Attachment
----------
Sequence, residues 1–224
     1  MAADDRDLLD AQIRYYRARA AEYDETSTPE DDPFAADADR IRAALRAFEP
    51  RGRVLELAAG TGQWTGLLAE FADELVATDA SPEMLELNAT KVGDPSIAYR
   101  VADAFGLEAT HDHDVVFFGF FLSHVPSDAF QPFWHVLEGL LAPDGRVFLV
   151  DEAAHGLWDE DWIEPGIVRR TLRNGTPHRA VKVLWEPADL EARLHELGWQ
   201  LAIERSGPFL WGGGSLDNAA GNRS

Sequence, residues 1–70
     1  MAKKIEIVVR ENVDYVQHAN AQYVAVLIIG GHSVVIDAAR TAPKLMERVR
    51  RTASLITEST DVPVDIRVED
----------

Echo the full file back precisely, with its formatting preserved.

Sequence, residues 1–224
     1  MAADDRDLLD AQIRYYRARA AEYDETSTPE DDPFAADADR IRAALRAFEP
    51  RGRVLELAAG TGQWTGLLAE FADELVATDA SPEMLELNAT KVGDPSIAYR
   101  VADAFGLEAT HDHDVVFFGF FLSHVPSDAF QPFWHVLEGL LAPDGRVFLV
   151  DEAAHGLWDE DWIEPGIVRR TLRNGTPHRA VKVLWEPADL EARLHELGWQ
   201  LAIERSGPFL WGGGSLDNAA GNRS

Sequence, residues 1–70
     1  MAKKIEIVVR ENVDYVQHAN AQYVAVLIIG GHSVVIDAAR TAPKLMERVR
    51  RTASLITEST DVPVDIRVED